Yellow

Theatre (new writing, adaptation)

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  • ZOO Playground - Playground 2
  • 16:30
  • Aug 26
  • 1 hour
  • Suitability: 14+ (Guideline)
  • Country: United Kingdom - England
  • Group: Squidink Theatre
  • Warnings and additional info: Contains Distressing Themes, Scenes of a Sexual Nature, Strobe Lighting, Strong Language/Swearing
  • Accessibility:
    Wheelchair Accessible Toilets
    May not apply to all performances. You'll find more information about accessibile performances and how to book tickets in the accessibility tab below.
  • Babes in arms policy: Babies do not require a ticket
  • Policy applies to: Children under 2 years

Description

Yellow is 'a stunning modern adaptation' (OxfordOpeningNight.com) of the Victorian short story The Yellow Wallpaper by Charlotte Perkins Gilman. Charlotte is suffering from post-partum depression. She finds an outlet when she starts writing her blog and connecting with others who have had similar experiences. But her husband seems more and more uncomfortable with Charlotte's new project. When the wi-fi cuts out, Charlotte knows something isn't right. And then the walls start to close in. Yellow is a darkly humoured and immersive piece about women's illness today, which asks whether our attitudes have really changed at all.

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General venue access

  • Wheelchair Accessible Toilets
  • Accessible entry: Through main door and down a short corridor.
  • Wheelchair access type: Level Access

  • Stairs: Information not supplied

Each venue can contain several space with different accessibly information. Visit the venue page for full venue accessibility info


How and when to make an access booking

Our access tickets service is available to anyone who:

  • Would like to book specific accessibility services, e.g. a hearing loop, audio description headsets, captioning units, seating in relation to the location of the BSL interpreter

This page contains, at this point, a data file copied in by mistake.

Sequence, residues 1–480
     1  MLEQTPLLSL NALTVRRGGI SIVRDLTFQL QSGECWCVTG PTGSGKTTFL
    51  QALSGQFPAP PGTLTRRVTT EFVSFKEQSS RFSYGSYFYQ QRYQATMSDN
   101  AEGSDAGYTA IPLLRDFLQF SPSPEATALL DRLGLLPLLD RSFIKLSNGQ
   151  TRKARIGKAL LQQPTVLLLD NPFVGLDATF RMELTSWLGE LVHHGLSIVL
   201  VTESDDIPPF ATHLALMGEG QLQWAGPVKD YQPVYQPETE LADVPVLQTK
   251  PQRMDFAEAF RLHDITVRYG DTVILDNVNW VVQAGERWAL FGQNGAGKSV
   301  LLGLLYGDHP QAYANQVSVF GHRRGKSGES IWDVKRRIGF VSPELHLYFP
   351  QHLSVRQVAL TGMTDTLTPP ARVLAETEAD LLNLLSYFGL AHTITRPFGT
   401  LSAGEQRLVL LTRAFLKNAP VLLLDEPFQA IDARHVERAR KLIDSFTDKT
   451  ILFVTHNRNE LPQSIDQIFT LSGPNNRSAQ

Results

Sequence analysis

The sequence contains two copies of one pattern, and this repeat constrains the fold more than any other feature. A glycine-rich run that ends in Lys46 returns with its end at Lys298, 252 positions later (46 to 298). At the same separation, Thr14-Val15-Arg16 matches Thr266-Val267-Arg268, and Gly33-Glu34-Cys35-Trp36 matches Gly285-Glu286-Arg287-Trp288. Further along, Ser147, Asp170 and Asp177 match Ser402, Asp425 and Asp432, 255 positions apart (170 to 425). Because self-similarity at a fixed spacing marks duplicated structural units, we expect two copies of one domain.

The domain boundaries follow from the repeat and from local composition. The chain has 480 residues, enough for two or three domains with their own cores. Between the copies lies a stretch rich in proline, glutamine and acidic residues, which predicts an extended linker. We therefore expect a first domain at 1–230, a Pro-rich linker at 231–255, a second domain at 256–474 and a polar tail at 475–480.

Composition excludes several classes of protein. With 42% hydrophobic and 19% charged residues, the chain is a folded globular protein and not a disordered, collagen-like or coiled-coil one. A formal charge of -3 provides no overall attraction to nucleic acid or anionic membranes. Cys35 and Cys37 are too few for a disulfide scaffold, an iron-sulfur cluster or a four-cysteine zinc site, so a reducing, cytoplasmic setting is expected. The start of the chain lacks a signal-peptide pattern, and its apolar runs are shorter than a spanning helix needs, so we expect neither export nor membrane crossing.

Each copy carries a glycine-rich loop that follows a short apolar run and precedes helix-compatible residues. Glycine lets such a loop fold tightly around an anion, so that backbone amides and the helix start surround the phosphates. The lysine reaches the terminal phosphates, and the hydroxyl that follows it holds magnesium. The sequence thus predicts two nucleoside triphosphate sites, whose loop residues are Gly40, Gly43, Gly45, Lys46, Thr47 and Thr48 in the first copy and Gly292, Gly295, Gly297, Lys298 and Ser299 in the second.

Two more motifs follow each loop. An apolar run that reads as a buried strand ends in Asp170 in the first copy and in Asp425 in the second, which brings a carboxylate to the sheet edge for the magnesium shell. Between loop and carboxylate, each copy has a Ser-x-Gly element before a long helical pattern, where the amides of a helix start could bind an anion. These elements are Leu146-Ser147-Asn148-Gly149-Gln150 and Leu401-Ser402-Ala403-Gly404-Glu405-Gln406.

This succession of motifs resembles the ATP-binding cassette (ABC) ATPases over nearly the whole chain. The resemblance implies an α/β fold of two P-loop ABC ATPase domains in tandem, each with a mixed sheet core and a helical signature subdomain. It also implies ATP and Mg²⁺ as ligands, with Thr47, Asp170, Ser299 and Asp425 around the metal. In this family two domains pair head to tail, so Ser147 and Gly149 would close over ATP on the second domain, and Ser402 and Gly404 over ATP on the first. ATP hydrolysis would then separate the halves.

• Requires extra assistance when at a venue
  • Has specific seating requirements
  • Is a wheelchair user
  • Requires a complimentary personal assistant ticket to attend a performance

Greg 93 days ago

That this show should probably come with a trigger warning shows how well it deals with depression. Initially it has the feel of a setup for a cheap horror: a rented house that no one else will live with the suggestion of something in the walls. We see Charlotte’s condition deteriorate, reaching out to an online world, when those who should be there physically to give professional or personal help deepeningly fail to do so despite their best efforts, exposing their own character flaws in a mix of audience horror and empathy. How this affects Charlotte is incredibly realistic. If you’ve been through depression you’ll relate to this, if you haven’t it’s full of valuable insights.

Perhaps a touch slow to get going, but once it does it’s full of brilliant dialogue, expressive dance, and mania that will leave you stunned.

Highly recommended. Go for moving, real, tragic theatre.


Participants - for further details on our audience and published review policies, including how to add or opt out of reviews, please click here.

Broadway Baby (4/5 stars) 84 days ago

Yellow, written by Conky Campfner, is a modern adaptation of a Victorian short story The Yellow Newspaper by Charlotte Perkins Gilman. Charlotte (Grainne Dromgoole) is suffering from post-natal depression, trapped and unable to express her feelings. Her only outlets of writing and reading are stunted by her husband and put...

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Deadline News (4/5 stars) 91 days ago

Yellow is a timely play which asks just how far have we actually come since the days of diagnoses of hysteria and whether society is any readier to listen to women’s voices than it was a century ago.

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The Scotsman (3/5 stars) 92 days ago

Charlotte has found a grand house on the Sussex cost, startlingly cheap. ...

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The Wee Review (3/5 stars) 93 days ago

When Charlotte Perkins Gilman’s short story The Yellow Wallpaper was published in 1892, it served as a chilling condemnation of the American mental health system, and in particular its treatment of women, who were often dismissed as hysterical. Over a century later, surely things have improved? Yes and no. Yellow...

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The Student Newspaper 93 days ago

Yellow is an adaptation that will leave you thinking long after its enigmatic ending. It is a meditation on female rights, on mental illness, on writing as a means of expression. Funny, gripping and constantly inventive, it cannot be recommended highly enough.

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Ed Fringe Review (3/5 stars) 94 days ago

Stunningly captures the surviving vestiges of Victorian mental health attitudes...

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Participants - for further details on our audience and published review policies, including how to add or opt out of reviews, please click here.

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Participants - for further details on our audience and published review policies, including how to add or opt out of reviews, please click here.